Omori on Nintendo Switch SERIOUSLY Needs a Trigger Warningby@Limarc
17,113 reads

Omori on Nintendo Switch SERIOUSLY Needs a Trigger Warning

October 30th 2022
6 min
by @Limarc 17,113 reads
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After having played the game in its entirety, I would argue that the game needs an obvious trigger warning on the front cover (on physical copies) and at the top of the game description on the Nintendo eShop. For the sake of preserving the beautiful Omori cover art, I’d at least argue for a mini-warning that prompts buyers to read a full warning on the back cover. Omori is a game that can trigger anxiety, I know that firsthand. The reason I think people need to be careful is actually the aspect that makes the game so good in the first place: subversion of expectations.
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When you think of Nintendo, what are the first things that come to mind? Most would say Super Mario, Donkey Kong, and maybe even Pokémon. What all of these franchises have in common are that they are family-friendly. Parents can pretty much purchase any title from these franchises without batting an eye or reading about them beforehand. Since the Switch has a huge library of games from third-party devs (especially on the eShop), parents need to be more careful.

One game in particular that SERIOUSLY needs a trigger warning on the front label is Omori by Omocat.

The Switch has the Most M-Rated Titles in Nintendo History

Nintendo was thought of as the family-friendly console, one in which parents still had to be cautious, but never had to worry about themes like suicide being present in a game played on a Nintendo console.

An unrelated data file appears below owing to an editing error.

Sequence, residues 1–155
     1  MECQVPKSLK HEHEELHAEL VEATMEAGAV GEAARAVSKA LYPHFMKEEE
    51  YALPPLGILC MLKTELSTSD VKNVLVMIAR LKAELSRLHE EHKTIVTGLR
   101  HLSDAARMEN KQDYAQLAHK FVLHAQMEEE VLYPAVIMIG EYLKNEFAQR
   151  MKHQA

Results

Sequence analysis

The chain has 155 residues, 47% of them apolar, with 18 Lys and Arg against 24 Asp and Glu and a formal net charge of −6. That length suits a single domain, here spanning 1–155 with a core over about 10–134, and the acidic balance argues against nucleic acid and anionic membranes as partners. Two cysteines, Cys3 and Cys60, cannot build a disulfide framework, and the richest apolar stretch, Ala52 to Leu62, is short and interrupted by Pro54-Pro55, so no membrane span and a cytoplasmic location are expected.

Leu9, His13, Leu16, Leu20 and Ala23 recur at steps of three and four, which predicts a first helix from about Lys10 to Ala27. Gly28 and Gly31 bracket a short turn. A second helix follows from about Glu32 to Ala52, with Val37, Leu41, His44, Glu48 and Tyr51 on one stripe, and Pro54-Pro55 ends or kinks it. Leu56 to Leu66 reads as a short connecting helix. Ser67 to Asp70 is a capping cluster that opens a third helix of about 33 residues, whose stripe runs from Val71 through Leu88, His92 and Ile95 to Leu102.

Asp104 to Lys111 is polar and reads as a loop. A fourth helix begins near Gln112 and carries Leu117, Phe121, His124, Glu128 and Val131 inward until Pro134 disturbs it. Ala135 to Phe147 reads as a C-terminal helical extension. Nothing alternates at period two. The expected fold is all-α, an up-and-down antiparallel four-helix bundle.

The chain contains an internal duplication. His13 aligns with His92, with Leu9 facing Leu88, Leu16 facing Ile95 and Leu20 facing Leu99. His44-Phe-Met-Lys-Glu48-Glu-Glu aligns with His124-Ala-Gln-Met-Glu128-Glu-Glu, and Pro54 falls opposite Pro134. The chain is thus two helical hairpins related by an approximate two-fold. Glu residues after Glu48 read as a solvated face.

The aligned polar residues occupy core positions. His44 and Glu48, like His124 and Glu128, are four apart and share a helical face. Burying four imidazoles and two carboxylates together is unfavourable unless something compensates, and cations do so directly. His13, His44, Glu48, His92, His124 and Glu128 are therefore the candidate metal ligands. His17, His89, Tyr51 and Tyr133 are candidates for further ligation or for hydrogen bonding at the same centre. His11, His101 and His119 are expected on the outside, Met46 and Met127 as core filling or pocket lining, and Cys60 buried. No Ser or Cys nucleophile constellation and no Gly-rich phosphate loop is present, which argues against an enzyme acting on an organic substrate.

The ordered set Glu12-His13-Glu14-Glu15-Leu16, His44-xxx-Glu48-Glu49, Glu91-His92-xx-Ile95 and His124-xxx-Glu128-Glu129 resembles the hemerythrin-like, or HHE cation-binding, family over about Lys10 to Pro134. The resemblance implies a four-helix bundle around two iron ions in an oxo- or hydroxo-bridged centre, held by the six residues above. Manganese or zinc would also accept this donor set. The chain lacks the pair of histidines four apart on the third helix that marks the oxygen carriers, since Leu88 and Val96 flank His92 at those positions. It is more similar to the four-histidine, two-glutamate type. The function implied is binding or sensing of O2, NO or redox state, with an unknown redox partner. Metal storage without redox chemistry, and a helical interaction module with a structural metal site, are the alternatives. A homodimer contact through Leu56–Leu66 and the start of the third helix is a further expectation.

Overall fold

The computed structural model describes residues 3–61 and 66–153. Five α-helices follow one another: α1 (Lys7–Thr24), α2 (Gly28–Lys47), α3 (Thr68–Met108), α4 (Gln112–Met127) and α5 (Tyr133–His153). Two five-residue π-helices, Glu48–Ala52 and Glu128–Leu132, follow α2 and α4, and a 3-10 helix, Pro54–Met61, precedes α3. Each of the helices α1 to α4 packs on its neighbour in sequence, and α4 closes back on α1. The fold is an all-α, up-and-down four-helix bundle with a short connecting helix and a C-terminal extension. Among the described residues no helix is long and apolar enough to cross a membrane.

Throughout most of the company’s history, M-rated or even T-rated titles were few and far between. I consider myself a hardcore gamer, and even I would struggle to think of any MATURE titles on the Gameboy, Nintendo DS, or Nintendo Wii.

ESRB Ratings Symbols

ESRB Ratings Symbols

However, the release of the Nintendo Switch literally changed the game for the company. With previous consoles, Nintendo pretty much relied on 1st-party exclusive titles to drive sales.

There’s a reason why the Fire Emblem, Super Mario, and Pokémon series can only be played on Nintendo consoles.

With the Switch, that all changed.

Nintendo game exception third-party developer support, allowing for huge triple-A titles like Skyrim, Wolfenstein, Assassins Creed, and more to be released on the platform.

This is great for young adult and adult gamers, but for kids I really hope that parents are careful about what their kids are playing, especially with the huge library of games (mature games) accessible on the eShop.

What is Omori on the Nintendo Switch?

Omori Game Screenshot

Omori Game Screenshot

Overview and Plot (spoiler-free)

Omori is a psychological horror RPG about a young group of children looking for their lost friend in a fantasy world. The game constantly moves the player from the fantasy world that exists in the protagonist’s mind to the real world in which the protagonist of the game seems to be experiencing trauma and mental health issues. In a typical JRPG fashion, players will fight battles, defeat monsters, and complete quests.

Omori Switch Release Date

Omori was released on the Nintendo Switch on June 17th, 2022. However, it initially released on December 25th, 2020 on PC.

Why Omori on Switch NEEDS a Trigger Warning

After having played the game in its entirety, I would argue that the game needs an obvious trigger warning on the front cover (on physical copies) and at the top of the game description on the Nintendo eShop.

For the sake of preserving the beautiful Omori cover art, I’d at least argue for a mini-warning that prompts buyers to read a full warning on the back cover.

Omori is a game that can trigger anxiety, I know that firsthand.

The reason I think people need to be careful is actually the aspect that makes the game so good in the first place: subversion of expectations.

Omori Switch front and back cover art

Omori Switch front and back cover art

Look at the image above. The art style and messaging alone makes this seem like a fun, colorful RPG adventure about friendship!

The beginning of the game itself plays hard into this trap.